I am, however, inclined toward an affirmative answer: (1) Those who appear after death in Scripture always appear similar to their earthly forms (1 Samuel 28:11-15; Matthew 17:1-13; 27:52ff.; Revelation 11:1-12). I would assume that the men continued to appear as bearded (if they wore beards on earth), speaking with masculine voices. This fact seems to yield some presumption, at least, that we retain our sexual characteristics after death.

In Biblical Foundations for Manhood and Womanhood, 2002, on page 275, there is an article by Daniel R. Heimbach called, The Unchangeable Difference: Eternally Fixed Sexual Identity for an Age of Plastic Sexuality. He does not actually say that women will be subordinate, but the rest of the book does explain that sexual identity necessarily involves the “element of priority given to the male.” page 84 So that’s eternal. Here is an excerpt from Heimbach’s resumé. 

Professor Heimbach has been teaching Christian Ethics at Southeastern Baptist Theological Seminary since 1993. Before that he served 1 year as Executive Director of the Defense Readiness Council, 2 years as Deputy Assistant Secretary of the Navy for Manpower, 2 years on the White House staff under President George H. W. Bush both as Associate Director for Domestic Policy and as Deputy Executive Secretary to the Domestic Policy Council, and 2 years as Political Advisor and Legislative Assistant to Senator Richard Lugar of Indiana.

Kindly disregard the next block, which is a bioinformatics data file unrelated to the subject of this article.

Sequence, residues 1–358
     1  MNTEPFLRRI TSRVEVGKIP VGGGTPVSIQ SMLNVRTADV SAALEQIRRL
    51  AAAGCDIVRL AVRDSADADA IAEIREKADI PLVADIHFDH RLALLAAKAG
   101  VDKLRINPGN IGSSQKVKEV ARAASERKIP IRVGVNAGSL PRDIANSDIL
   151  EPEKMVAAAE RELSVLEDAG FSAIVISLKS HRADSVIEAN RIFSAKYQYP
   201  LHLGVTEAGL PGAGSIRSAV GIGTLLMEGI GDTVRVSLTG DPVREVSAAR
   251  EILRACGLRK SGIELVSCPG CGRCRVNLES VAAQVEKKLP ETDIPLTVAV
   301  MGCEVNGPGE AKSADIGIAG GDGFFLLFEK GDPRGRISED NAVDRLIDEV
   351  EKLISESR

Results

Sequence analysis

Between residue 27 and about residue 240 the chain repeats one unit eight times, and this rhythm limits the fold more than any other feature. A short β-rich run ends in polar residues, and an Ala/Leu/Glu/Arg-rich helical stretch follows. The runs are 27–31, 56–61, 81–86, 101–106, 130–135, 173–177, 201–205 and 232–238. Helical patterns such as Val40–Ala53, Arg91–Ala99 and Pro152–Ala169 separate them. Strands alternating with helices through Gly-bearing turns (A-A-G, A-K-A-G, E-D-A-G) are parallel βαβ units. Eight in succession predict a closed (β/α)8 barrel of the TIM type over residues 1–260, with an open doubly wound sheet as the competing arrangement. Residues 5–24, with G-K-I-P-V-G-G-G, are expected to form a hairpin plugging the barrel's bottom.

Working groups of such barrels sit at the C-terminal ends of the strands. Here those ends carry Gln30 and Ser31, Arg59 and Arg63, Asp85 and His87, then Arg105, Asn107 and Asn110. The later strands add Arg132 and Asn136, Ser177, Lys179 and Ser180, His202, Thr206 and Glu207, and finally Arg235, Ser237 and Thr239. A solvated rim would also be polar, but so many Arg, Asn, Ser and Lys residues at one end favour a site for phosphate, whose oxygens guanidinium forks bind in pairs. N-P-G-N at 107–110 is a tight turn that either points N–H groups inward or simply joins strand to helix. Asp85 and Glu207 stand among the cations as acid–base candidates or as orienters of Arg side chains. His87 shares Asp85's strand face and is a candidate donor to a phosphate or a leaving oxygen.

In JBMW Spring 2004, pages 17 – 28, Mark Walton wrote What We Shall Be: A Look at Gender and the New Creation, Walton concludes,

The only view that could be shown to have genuine biblical support was the sexual view, which maintains that gender distinctions will remain in the new creation.

Next, in JBMW Spring 2006, Relationships and Roles in the New Creation, page 14 – 15, Walton wrote,

First, consider the argument concerning man and woman as originally created. There is virtually universal agreement that man and woman are ontologically equal, equal in essence and worth, because both were created in the image of God. In the ordering of his creation, however, God formed the man first and gave him responsibility and authority as the head of the human race.41 This headship, far from being a result of the fall-feminist and egalitarian claims notwithstanding-is a central feature of the divine created order.42 Because the new creation is, fundamentally, a return to the divine order that prevailed before the fall, it follows that male headship will remain in the new creation.